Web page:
Professor Shankar is professor of Information and Communciation Studies and a fellow of the Geary Institute. She previously was the head of UCD’s School from 2015-2018.
Her research focuses on the uses of data and information (digital and otherwise) in the social sciences, open data, and data archives. Her recent research is on research evaluation and peer review. She takes an interpretive, organisational, and institutional approach to topics that are usually “practical” and atheoretical: data archiving/management and the research enterprise itself. As a former laboratory scientist turned social scientist, she began her academic career by studying the practice of science through the production of documents. These include, for example, laboratory notebooks, data sets, and data entry forms.
“Although my early research focused on paper records (work that is still widely cited and continues to increase in citations), the data-intensive nature of contemporary science (and contemporary life) led me to consider the social life of data more broadly.”
After completing a Ph.D. in library and information science at UCLA, Professor Shanka conducted postdoctoral research in the Center for Embedded Networked Sensing at UCLA and completed a AAAS Science Policy Fellowship at the National Institutes of Health Office of Evaluation. Prof. Shankar was previously an assistant professor at Indiana University-Bloomington’s School of Informatics and Computing before joining the staff at UCD at the School of Information and Library Studies.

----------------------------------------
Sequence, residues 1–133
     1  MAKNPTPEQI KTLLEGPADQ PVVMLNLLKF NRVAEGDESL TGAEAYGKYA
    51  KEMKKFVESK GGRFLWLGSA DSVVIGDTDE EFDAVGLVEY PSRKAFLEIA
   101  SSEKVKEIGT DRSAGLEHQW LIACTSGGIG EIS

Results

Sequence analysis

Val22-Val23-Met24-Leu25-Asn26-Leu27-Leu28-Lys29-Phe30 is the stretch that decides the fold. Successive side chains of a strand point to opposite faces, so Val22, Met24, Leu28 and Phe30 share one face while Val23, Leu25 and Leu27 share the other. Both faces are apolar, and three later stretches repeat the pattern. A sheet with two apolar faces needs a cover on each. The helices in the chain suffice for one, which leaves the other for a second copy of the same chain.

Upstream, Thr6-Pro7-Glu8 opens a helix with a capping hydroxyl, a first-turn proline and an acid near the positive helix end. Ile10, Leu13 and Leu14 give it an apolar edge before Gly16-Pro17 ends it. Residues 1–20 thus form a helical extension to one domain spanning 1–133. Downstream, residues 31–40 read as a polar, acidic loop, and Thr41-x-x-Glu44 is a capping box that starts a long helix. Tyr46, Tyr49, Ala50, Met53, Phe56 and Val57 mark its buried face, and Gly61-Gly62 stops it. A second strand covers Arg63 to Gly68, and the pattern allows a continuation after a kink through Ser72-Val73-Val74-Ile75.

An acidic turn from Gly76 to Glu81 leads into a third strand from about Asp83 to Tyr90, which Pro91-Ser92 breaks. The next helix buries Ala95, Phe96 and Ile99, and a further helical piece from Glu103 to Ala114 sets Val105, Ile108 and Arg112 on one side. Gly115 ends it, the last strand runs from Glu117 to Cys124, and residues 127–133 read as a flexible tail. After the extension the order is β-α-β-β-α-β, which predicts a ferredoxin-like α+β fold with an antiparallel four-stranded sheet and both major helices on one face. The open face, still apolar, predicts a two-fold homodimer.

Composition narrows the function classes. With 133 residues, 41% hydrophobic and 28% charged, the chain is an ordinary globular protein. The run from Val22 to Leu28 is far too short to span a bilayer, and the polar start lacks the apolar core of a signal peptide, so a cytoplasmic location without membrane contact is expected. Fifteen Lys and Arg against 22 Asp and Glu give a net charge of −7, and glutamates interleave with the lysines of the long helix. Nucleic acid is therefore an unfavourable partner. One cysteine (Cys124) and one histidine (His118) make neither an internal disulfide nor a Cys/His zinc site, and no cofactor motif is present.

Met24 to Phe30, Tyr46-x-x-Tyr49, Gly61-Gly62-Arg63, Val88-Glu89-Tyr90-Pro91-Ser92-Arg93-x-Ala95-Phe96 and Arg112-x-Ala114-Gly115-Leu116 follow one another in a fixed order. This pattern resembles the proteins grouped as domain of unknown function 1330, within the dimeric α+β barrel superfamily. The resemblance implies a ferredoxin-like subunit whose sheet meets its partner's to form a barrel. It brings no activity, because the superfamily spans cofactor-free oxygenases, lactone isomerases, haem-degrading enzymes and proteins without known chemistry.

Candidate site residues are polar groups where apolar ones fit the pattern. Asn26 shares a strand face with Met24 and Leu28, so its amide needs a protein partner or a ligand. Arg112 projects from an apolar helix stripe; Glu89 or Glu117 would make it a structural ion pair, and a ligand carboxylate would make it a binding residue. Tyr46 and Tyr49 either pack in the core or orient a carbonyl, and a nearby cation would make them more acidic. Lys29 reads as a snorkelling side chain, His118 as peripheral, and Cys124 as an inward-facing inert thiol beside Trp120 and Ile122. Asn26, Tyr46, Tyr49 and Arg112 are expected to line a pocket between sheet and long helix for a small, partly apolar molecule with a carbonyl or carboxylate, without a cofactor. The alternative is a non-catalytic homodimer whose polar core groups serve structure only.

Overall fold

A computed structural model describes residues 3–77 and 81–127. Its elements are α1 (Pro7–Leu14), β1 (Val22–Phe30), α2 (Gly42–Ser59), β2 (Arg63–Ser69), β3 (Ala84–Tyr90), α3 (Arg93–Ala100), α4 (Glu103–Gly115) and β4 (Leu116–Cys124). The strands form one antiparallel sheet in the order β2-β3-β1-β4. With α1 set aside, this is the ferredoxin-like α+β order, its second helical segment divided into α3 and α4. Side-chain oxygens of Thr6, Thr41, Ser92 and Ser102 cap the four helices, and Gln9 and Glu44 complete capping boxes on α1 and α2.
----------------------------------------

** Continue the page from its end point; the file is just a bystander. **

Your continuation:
Currently, Professor Shanka is focusing on studying the peer review process with Science Foundation Ireland, funded by SFI itself. This grant is one of the first calls specifically focused on science policy and research on research. It involves conducting mixed methods studies of the peer review ecosystem at SFI in several key programme streams. The project represents one of the first to allow this kind of access over an extended period of time to a funding agency and it is expected to be an exemplar for similar work in other national contexts. She is also a co-PI on a grant from Worldwide Universities Network to learn more about academic workers and well-being during COVID.